Fashion has substantial energy impact — and we don’t mean just socially. Cultivating the cotton and fibers that go into clothes uses massive amounts of water and fertilizer, and then there’s the energy required to manufacture and ship products which consumers then wash and wash and wash.
That's why Levi's, the defining brand in blue jeans, has come up with Water‹Less jeans, hitting stores this month. These green jeans will cost the same, but use 28% less water in the finishing process, which when multiplied by the 1.5 million pairs Levi's expects to sell this spring, adds up to 16 million fewer liters of water consumed.
Levi's assessed the resources used in 501 denim in 2007 and discovered its jeans were, like the human body, mostly made of water. The trick was how to wring the water, and the energy it entails, out of the brand's denim-making process.
Over the lifetime of its jeans, from the cotton fields to consumer to the laundry machine, an average pair of Levi's was found to use up 3,480 liters of water, or"the equivalent of running a garden hose for 106 minutes."
As they couldn’t change the cotton farming industry, or consumer’s washing habits, Levi's brand managers focused on ozone processing to lessen the amount of washing needed to soften the stonewashed jeans before sale.
"It took a different way of thinking, but the results are kind of amazing," comments Carl Chiara, director of brand concepts at Levi's, to TIME.
A typical jean averages three to ten spins in huge washers and dryers to create that soft feel and appearance. By combining multiple wash cycles into a single wet-cycle process and incorporating ozone processing, Levi’s changed the meaning and process of stone-wash.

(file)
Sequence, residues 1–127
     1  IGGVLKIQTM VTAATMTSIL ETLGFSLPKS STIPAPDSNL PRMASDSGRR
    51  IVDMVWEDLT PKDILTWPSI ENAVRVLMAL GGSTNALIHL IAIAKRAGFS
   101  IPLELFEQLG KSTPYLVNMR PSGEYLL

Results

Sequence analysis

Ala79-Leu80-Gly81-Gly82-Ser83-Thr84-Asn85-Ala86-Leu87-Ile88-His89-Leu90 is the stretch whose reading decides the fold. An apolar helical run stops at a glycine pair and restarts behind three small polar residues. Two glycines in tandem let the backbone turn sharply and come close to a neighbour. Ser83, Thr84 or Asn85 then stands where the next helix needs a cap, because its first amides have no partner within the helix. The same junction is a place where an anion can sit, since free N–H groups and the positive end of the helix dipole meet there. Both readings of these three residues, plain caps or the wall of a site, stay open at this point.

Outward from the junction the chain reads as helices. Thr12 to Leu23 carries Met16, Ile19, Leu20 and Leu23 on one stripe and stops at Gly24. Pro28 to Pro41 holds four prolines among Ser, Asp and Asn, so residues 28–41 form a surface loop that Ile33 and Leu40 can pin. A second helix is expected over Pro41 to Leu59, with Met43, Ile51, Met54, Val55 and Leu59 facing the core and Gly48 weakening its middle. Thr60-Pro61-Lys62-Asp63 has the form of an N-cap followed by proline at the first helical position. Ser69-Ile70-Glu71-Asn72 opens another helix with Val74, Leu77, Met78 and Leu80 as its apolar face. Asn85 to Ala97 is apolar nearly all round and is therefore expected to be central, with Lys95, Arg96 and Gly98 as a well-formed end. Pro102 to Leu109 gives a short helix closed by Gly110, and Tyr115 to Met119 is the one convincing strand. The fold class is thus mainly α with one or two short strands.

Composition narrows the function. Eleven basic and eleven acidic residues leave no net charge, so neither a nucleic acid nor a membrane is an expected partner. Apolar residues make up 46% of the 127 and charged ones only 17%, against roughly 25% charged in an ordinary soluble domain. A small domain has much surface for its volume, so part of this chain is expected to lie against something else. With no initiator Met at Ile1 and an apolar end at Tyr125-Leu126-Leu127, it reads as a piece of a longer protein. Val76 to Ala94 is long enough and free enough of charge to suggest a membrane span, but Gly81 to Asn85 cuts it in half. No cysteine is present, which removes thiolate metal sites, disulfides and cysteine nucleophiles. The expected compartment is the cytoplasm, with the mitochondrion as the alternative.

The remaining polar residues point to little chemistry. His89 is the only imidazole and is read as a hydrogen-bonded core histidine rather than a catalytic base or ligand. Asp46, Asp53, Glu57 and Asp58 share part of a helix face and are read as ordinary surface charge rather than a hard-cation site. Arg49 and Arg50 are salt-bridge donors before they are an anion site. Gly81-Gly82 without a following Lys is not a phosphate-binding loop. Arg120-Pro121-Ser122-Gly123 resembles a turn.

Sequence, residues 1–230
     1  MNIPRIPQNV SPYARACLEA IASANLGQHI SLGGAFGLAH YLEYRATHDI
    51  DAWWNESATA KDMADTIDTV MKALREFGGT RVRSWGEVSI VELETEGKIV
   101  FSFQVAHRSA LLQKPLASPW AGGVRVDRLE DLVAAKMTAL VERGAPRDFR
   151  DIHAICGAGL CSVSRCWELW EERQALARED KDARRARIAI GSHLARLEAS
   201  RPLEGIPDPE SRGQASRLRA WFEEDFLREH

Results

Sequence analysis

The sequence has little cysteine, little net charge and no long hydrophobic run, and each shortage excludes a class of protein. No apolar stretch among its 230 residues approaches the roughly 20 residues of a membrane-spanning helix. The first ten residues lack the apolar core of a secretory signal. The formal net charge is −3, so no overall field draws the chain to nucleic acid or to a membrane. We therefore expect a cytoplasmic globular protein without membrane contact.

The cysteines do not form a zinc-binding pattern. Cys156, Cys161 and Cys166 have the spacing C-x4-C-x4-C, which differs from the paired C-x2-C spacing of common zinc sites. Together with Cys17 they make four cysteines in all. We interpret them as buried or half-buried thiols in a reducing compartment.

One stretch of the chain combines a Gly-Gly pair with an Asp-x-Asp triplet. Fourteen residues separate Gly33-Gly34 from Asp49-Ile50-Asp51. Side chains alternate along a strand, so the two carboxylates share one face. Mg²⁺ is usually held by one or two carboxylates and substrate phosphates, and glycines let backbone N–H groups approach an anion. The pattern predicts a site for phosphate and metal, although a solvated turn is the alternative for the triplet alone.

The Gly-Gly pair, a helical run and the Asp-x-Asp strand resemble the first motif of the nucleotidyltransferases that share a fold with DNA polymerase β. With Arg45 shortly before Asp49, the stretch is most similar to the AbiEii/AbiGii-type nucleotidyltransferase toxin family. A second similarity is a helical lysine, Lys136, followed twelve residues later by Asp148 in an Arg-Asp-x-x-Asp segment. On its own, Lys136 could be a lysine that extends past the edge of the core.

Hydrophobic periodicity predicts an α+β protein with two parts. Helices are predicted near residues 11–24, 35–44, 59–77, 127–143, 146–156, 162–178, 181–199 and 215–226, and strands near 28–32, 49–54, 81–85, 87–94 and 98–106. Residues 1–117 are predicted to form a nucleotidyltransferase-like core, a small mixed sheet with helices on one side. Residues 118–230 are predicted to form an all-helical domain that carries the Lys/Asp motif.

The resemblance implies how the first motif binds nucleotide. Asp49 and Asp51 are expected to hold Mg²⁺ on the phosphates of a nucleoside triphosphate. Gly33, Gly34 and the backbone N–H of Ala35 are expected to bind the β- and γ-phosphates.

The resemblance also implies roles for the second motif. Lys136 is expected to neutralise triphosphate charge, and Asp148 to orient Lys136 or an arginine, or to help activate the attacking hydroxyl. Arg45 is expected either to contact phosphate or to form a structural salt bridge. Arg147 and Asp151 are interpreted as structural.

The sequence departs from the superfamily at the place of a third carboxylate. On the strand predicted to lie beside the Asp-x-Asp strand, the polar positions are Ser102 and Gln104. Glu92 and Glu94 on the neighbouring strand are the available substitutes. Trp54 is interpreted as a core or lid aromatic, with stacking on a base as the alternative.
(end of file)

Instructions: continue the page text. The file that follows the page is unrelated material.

“What’s different about the Water<Less collection is that we’re still using the same materials and techniques to create finishes for our jeans but we’ve substantially reduced water’s role in the equation,” adds Chiara. “Sometimes, the way to achieve a more sustainable design is to rethink a traditional process and find a way to do it better.”
The Water<Less product line is starting with Levi's menswear, remaking more than a dozen classic Levi’s jeans, from 501s to 514s, and even the iconic Levi’s trucker jacket. Levi's tweeter-in-chief, Gareth Hornberger confirmed that Water<Less womenswear is "coming soon."
Hornberger also commented on Twitter that "we are expecting to save 16 million liters of water in spring 2011 alone... that's 2.6 million toilet flushes or +500k showers" and hinted at a charitable component to come: "+1 bil. people don't have access to clean water. In March we are announcing a HUGE partnership to provide water access through our savings."
Until fashion pioneers figure out the outer-edge of fashion sustainability with clothes that leave behind little or no waste, requiring scrap-free patterns that mesh like puzzles, buying Water<Less jeans makes a good statement for consumers…and is softer for the planet.
Here's more from Chiara on the Water<Less philosophy: